Since 2017, SNV and the Government of Tanzania have been implementing the Sustainable Sanitation and Hygiene for All (SSH4A) programme in eight Tanzanian districts. To date, the number of households that use toilets has increased to 90%. In the period March–April 2019, SNV Tanzania undertook a household survey in the eight project districts to identify the 10% of households still practising open defecation or sharing toilets despite the concerted government and SNV sanitation interventions. The findings show the majority of the households still practising open defecation and sharing latrines in the rural districts of Tanzania are not those commonly cited by the literature and sanitation programming – the people in poverty, the elderly people, people with disabilities, and those with other specific vulnerabilities. The majority in ‘the last mile’ are: 1) the ‘defiant’ households that have the socio-economic resources to build themselves latrines but prefer to practise open defecation or share toilets; 2) the socially isolated households that do not have a financially able family member who can support them; and 3) the geographically isolated households that are far from information centres. The SNV study also revealed a relatively high percentage of households headed by single mothers and those living in difficult terrains as part of the last mile. Furthermore, the study identified opportunities to increase access to sanitation among the last mile groups. These are: 1) introduction of behaviour change re-enforcement interventions tailored to different target groups; 2) promotion of context-specific sanitation technologies; and 3) introduction of community-led ‘social exclusion’ strategies.

Read the full report. SNV, 2019. Identifying the last 10% of households practising open defecation in rural Tanzania. Dar es Salaam, Tanzania: SNV Tanzania. 14 p.

Webinar (June 27th) Support Mechanisms for Rural Sanitation Programmes

Join the CLTS Knowledge Hub for a free webinar from Dr. Jeremy Kohlitz and Professor Juliet Willett, authors of the forthcoming edition of Frontiers of CLTS: Support Mechanisms for Rural Sanitation Programmes.

Date: Thursday 27th June 2019
Time: 11:00 – 12:30 (BST)
Register here

The webinar will focus on:

  • Different individual support mechanisms including financial, in-kind and non-material that go beyond conventional CLTS support processes.
  • How these mechanisms can be designed to address the challenges faced by disadvantaged individuals and groups.
  • The necessary monitoring systems and knowledge sharing needs
  • Recommendations for practice moving forward

It will begin with a presentation by authors Dr. Jeremy Kohlitz and Professor Juliet Willetts followed by a Q&A.

A renewed focus on equity is being driven by the Human Rights to Water and Sanitation framework and Sustainable Development Goal 6, which emphasise the importance of adequate and equitable sanitation for all. Community-Led Total Sanitation (CLTS) is based on the idea that sustained, collective improvements in sanitation work best when communities identify and drive their own sanitation solutions. However, there is evidence that CLTS processes to achieve community-wide outcomes are not always systematic, adequate, sustained, or sufficient to meet the needs of disadvantaged groups. To ensure equitable outcomes, there is increasing attention on additional support mechanisms that complement conventional processes of demand creation, behaviour change, community empowerment and community action.

The webinar is based on the forthcoming edition of Frontiers of CLTS: Support Mechanisms for Rural Sanitation Programmes, which will be available in print and online at the end of June/early July 2019. This is the second part of a two part series on the overarching theme of Equality and non-discrimination (EQND) in sanitation programmes at scale. Part one is available to download here.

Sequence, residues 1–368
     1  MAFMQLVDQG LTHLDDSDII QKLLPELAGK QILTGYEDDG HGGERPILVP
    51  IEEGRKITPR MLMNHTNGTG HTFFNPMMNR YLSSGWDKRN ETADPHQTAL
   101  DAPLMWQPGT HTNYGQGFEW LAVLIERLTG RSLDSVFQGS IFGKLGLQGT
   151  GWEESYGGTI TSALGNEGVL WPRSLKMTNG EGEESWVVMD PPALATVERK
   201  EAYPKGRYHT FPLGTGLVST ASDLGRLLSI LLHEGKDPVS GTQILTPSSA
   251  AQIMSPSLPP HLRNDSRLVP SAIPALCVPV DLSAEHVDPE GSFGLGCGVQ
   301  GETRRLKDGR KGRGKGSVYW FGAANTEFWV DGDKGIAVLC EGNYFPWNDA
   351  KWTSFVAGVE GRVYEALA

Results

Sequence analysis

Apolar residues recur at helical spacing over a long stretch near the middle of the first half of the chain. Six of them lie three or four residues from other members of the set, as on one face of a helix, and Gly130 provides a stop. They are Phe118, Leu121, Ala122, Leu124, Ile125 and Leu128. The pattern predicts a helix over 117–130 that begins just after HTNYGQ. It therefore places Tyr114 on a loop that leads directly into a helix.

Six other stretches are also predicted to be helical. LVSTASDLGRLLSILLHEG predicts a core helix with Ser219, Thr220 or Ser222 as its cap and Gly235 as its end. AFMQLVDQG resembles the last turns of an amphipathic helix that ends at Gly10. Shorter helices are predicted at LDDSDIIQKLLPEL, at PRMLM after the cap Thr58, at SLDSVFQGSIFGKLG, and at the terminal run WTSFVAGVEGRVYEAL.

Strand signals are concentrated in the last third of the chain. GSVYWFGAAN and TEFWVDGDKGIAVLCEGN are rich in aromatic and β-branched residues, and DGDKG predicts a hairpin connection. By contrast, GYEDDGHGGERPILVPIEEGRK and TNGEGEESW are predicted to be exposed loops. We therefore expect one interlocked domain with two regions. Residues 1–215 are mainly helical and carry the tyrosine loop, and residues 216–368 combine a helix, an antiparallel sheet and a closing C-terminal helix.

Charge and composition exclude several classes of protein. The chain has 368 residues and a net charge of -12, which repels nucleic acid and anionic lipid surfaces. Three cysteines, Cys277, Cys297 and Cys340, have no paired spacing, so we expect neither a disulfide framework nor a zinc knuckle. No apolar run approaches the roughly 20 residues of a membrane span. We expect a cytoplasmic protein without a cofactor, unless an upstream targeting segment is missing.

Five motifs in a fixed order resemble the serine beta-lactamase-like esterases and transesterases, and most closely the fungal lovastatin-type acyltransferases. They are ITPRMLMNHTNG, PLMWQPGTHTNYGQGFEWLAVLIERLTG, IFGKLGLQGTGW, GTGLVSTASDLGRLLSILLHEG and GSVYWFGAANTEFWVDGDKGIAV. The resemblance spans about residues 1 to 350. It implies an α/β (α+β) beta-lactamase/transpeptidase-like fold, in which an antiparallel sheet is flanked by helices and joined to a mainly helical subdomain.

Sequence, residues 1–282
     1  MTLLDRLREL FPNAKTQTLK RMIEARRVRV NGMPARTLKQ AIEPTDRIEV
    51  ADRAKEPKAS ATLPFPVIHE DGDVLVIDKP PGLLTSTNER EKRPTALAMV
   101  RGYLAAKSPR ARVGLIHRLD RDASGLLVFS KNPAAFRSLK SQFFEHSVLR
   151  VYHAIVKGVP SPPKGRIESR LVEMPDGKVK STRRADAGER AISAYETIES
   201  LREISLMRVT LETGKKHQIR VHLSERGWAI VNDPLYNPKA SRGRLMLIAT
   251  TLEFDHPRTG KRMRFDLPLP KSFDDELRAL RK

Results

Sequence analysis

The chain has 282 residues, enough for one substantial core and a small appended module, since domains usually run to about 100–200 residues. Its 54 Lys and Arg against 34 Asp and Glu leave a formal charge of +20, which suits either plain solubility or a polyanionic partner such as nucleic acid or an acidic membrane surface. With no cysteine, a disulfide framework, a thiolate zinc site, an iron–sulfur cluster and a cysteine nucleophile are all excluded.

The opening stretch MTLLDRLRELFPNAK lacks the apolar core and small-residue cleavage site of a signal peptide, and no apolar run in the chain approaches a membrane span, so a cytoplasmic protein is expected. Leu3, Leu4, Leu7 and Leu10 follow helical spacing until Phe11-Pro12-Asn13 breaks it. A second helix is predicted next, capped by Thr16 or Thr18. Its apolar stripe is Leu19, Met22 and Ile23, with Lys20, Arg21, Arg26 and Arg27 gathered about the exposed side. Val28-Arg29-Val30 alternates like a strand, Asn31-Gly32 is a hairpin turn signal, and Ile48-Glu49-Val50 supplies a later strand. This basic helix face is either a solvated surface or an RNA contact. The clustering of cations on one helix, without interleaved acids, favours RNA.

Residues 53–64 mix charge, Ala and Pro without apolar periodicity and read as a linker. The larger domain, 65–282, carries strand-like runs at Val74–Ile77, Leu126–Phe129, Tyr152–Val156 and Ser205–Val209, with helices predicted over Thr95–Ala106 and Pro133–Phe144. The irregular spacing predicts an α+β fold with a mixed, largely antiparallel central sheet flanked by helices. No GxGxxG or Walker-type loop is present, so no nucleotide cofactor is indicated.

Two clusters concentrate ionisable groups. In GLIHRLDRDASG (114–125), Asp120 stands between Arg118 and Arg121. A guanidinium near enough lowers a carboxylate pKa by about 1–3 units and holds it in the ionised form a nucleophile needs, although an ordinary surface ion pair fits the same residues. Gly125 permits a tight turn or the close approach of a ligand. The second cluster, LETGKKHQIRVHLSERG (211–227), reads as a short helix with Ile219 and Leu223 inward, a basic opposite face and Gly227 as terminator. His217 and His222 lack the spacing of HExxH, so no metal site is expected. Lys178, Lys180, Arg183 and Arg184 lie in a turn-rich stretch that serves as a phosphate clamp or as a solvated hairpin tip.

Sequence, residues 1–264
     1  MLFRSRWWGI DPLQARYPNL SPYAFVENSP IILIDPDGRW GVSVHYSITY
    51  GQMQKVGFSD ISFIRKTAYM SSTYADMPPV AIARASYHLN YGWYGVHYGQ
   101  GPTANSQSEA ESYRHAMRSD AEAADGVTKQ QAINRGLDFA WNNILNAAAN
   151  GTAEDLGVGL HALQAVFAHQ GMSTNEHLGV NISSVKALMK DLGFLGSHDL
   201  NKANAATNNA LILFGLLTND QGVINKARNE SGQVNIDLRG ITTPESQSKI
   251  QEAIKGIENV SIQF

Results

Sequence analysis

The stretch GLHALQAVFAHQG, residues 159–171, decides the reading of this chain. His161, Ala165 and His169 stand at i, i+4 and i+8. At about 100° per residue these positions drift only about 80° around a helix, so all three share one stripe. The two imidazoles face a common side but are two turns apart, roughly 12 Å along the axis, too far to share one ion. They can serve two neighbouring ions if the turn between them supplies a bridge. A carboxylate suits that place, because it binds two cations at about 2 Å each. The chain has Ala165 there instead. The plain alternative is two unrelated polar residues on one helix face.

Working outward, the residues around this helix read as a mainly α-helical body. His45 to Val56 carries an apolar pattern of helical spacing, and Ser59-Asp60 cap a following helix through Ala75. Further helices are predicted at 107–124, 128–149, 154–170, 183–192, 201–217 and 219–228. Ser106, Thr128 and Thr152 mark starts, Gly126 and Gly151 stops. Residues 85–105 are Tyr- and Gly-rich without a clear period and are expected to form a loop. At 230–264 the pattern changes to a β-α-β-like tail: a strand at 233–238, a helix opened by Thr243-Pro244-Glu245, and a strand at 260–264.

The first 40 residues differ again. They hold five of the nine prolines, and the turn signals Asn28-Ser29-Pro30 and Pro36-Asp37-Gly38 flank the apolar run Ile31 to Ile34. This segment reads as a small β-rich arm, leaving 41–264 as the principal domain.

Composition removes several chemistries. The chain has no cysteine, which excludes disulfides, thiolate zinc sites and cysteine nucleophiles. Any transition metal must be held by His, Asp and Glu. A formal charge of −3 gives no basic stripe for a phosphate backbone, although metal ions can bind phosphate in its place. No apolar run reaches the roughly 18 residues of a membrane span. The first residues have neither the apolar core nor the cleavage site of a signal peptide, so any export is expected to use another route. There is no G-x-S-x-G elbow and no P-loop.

Webinar – Sanitation Funder Landscape by the Sanitation Technology Platform (STeP)

Date: Tuesday, April 9, 2019 03:00 PM CEST – 04:00 PM CEST
Presenter: Amanda Rose, Report Author and STeP Market Readiness Lead

Join us for a webinar presenting insights from STeP’s recently published Sanitation Technology Funder Landscape report. Resources to validate new sanitation technologies and prepare for market entry – prerequisites for achieving sustainable, scaled solutions – tend to be quite scarce compared to those available to scale proven solutions. As such, a problematic ‘Pioneer Gap’ exists. STeP’s Funder Landscape report and accompanying database point readers to potential funding and other resources poised to help fill this problematic gap. Two promising forms of funding are explored in detail: catalytic philanthropy and blended finance leveraging impact investment. We hope you will join us to discuss key insights and pose your questions about the sanitation funder landscape.

Register here

 

Webinar – Female-friendly public and community toilets

WaterAid, UNICEF and WSUP would like to invite you to the upcoming webinar on Female Friendly Public and Community toilets.
Date: Wednesday 3rd April
Time: 10am GMT

Join using this link: https://meet.lync.com/wateraid/andreshueso/CK25SZ4Y. If you have trouble joining, try the Skype Web App https://meet.lync.com/wateraid/andreshueso/CK25SZ4Y?sl=1.

Female-Friendly Public and Community Toilets: a discussion about why we need them and how to design them

Public and community toilets are often dirty, poorly maintained and have not been designed to meet the requirements of women and girls. But Governments and city planners can and should improve this situation by a) including women in the planning process and b) following basic principles of universal design that ensure public and community toilets are accessible for all users, are secure and well located, include context specific menstrual health features, cater for caring responsibilities (of all genders) and are maintained for cleanliness and safety. The practical “Female-friendly public and community toilets” guide is designed to help city authorities, planners and NGOs identify areas that lack public and community toilets and check if existing toilets are female-friendly while also giving some practical guidance for non-negotiable design elements. The webinar will highlight why it is important to look at public and community toilets through a gender lens, giving time for discussion and hoping for feedback from participants.

Presenters:
Priya Nath: Equality, Inclusion and Rights Advisor, WaterAid, UK
Olutayo Bankole Bolawole: East Africa Regional Director, WaterAid, Uganda
Lizette Burgers: Senior Advisor WASH, UNICEF, USA
Sam Drabble: Head of Research and Learning, WSUP, UK

The webinar will be recorded for those that cannot attend.